The way to Mastery – the #Drive way or the Freak Factor way

Photo by Gapiningvoid


According to Dan Pink in his new book, Drive: The Surprising Truth About What Motivates Us, a big part of “Motivation 3.0”, is the concept of Mastery. The argument goes something like this:

Only engagement can produce mastery – becoming better at something that matters. And the pursuit of mastery, an important but often dormant part of our third drive, has become essential to making one’s way in the economy. Mastery begins with “flow” – optimal experiences when the challenges we face are exquisitely matched to our abilities.

While I really like the concept I feel that the argument for this part of the AMP (Autonomy, Mastery, Purpose) in the book is not compelling as the other parts. One potential drawback that I see with the way Pink approaches the issue of mastery. He takes a too narrow approach to the way success, or better yet, excellence, is actually measured in our world. In his attempt to break some of the conventional wisdoms, Pink falls prays to others.

Let me explain by quoting a short part from the mastery chapter:

Mastery – of sports, music, business – requires effort (difficult, painful, excruciating, all consuming effort) over a long time (not a week or a month, but a decade). Sociologist Daniel Chambliss has referred to this as “the mundanity of excellence.” Like Ericsson, Chambliss found – in a three-year study of Olympic swimmers – that those who did the best typically spent the most time and effort on the mundane activities that readied them for races. It’s the same reason that, in another study, the west point grit researchers found that grittiness – rather than IQ or standardized test scores – is the most accurate predictor of college grades. As they explained, whereas the importance of working harder is easily apprehended, the importance of working longer without switching objectives may be less predictable… in every field, grit may be as essential as talent to high accomplishment”.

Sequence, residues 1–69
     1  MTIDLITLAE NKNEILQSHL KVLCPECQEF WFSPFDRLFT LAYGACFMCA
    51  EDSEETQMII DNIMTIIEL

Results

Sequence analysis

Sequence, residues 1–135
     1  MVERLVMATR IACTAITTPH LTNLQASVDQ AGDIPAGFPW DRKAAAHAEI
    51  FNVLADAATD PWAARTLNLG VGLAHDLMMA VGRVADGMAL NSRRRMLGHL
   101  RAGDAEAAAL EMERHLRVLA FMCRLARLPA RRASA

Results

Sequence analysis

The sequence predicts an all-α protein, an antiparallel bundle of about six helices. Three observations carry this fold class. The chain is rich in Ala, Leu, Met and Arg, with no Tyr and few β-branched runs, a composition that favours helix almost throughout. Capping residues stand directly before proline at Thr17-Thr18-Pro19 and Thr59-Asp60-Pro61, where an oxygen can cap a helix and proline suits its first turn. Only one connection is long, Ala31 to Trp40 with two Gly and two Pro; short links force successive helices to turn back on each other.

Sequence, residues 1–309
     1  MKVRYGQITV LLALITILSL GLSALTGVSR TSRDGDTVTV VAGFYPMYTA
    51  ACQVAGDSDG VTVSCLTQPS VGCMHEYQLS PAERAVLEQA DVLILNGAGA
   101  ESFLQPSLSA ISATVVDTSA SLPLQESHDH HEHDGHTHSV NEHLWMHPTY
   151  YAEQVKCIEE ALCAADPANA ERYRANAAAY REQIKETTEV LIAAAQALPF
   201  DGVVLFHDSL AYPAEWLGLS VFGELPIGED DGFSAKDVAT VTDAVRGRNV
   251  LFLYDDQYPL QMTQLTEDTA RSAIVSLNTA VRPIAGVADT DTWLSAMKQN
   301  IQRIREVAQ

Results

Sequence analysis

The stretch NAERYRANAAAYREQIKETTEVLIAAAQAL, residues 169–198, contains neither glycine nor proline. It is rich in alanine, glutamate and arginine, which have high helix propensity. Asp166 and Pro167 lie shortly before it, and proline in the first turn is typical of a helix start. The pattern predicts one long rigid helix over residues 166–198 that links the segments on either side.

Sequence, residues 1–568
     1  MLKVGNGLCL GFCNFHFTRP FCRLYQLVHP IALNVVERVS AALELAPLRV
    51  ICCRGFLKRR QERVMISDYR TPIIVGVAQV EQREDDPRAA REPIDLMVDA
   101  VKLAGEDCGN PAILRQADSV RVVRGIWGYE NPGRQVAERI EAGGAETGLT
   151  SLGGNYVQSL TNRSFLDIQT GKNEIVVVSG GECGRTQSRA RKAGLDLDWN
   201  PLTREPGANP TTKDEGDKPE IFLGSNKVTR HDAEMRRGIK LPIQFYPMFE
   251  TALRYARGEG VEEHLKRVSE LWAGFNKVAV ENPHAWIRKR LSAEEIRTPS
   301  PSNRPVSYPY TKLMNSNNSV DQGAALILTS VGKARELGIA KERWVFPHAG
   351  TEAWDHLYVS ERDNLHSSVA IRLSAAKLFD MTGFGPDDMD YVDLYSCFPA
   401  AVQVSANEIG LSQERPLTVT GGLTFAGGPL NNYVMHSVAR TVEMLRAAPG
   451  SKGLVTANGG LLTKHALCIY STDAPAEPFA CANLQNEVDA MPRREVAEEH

Am I the only one who is baffled here? Predictor of college grades? I am sorry, but since when college grades is a predictor of anything? As Seth Godin says in Linchpin: Are You Indispensable?, the only thing that being good at school means is – that you are good at school (!):

You have been brainwashed by school and by the system into believing that your job is to do your job and follow instructions. It’s not, not anymore.

Following instructions with grittiness and determination might lead to successes. But it also might be exactly the kind of thinking that leads us to being cogs in the big factories of productivity. I am not sure that the success, as measured currently by society, is what we should all aspire for. I am not saying that effort or grittiness is not important. I actually believe that sometimes dying on the treadmill is all that matters. It is just that it is not the right fit for everybody. For some, mastery can be found not in grittiness, but in being impatient. Here is one example of a very successful man, from the freak factor blog:

My mantra, as well as my business plan, is ‘If you always do fun stuff, there will always be plenty of fun stuff to do.’ This works incredibly well for me, as I’m allergic to doing stuff that’s not fun. Consequently, I have the grooviest career, biz & life I can imagine as the Rock and Roll Guru.

Another significant ‘flaw’ is my attention span, or lack thereof. The strength here is that I’m working on so much cool stuff that I never get bored. There’s always another fun project to which I can turn my attention, however briefly. For example, I’m working on a series of themed Daffynitions books, including Biz, Parenting, Relationships & Self-help. Additionally, I’m writing the Rock & Roll Dictionary, which is based on the Daffynitions model.

Yes, in his own way, over a long haul of time, Joe Heuer shows grittiness. But it is not in the way Pink talks about. More importantly, Joe Heuer is a wonderful example of mastery leading to excellence.